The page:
Food Poisoning From Restaurants Very Likely

 Food Poisoning

Time to dust out those slow cookers because eating out at restaurants is not as safe as it used to be. According to a new study conducted by the Center for Science in the Public interest, people are twice as likely to get food poisoning from eating at a restaurant than from eating at home.

The research follows food poisoning outbreaks over the last ten years from 2002 to 2011. The data included breakouts for Botulism, Salmonella, Hepatitis A, E. coli 0157:H7, and Listeria. The results show that there were more than 1,610 cases of food poisoning in restaurants and over 28,000 people became sick from eating out at the restaurants where these outbreaks occurred. Only 893 outbreaks happened when people cooked at home, affecting only 13,000 people. The study also finds that 1 in 6 people, or 48 million people in the United States alone suffer from a foodborne illness every year. 128,000 people are hospitalized and a staggering 3,000 people actually die from the illness.

The Center of Science in the Public Interest conducted another study comparing poultry and meat food poisoning incidents. They found that the media usually reports on meat-related food poisoning, but seafood, packaged foods, and fresh produce was actually twice as responsible for many of the outbreaks the study followed.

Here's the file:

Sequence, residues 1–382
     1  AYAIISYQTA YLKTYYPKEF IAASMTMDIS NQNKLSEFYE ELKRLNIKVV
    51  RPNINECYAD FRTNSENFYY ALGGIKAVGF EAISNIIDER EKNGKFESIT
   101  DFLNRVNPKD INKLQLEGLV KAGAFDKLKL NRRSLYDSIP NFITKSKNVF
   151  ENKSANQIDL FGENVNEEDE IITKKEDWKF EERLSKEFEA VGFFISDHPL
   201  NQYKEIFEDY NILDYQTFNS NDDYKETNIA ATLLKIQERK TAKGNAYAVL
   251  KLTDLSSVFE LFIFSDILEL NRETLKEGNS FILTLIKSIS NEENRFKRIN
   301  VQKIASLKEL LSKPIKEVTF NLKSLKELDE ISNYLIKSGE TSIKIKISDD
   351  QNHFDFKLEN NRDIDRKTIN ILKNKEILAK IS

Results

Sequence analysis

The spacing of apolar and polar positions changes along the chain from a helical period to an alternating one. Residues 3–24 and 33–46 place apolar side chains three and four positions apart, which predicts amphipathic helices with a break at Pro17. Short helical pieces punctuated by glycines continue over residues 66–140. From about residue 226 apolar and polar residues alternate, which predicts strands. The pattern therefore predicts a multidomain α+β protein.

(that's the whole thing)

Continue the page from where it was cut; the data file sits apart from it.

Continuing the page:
Even though eating out at a restaurant puts people at risk to be twice as likely to get food poisoning, people may not be aware of this, because food poisoning cases are severely underreported. The study also found that there was a 42 percent decrease in reporting foodborne illness, and fewer outbreaks were reported last year to the Centers for Disease Control and Prevention. Caroline Smith DeWaal is a food safety director for the Center of Science in the Public Interest. DeWaal confirms that underreporting of food poisoning outbreaks has reached epidemic amounts. DeWaal stresses that the details of each outbreak are important to investigators because it helps them gain valuable information and make safer food policies for the public.

When food poisoning outbreaks are underreported, they cannot be solved and fixed in the future. During the study, out of the 10,409 cases researched, only 3,933 cases of the outbreaks were considered solved. A solved case means that the investigator was able to identify the specific pathogen and food that was responsible for the sickness. These 3,933 cases of outbreak caused 98,399 people to become ill.

Senior food safety attorney for the Center of Science in the Public Interest, Sarah Klein, confirms that people are twice as likely to get sick with food poisoning from eating at restaurants than eating at home.  Klein says that this data dismisses the myth that people would not get sick if they only cooked their food properly. Restaurants have much more to deal with due to the large number of people they have to serve. Food may be left sitting out too long in warm temperatures, compared to at home, where it is usually prepared much quicker. Time to break out your favorite recipe book and eat in tonight.

Opinion by Sara Petersen

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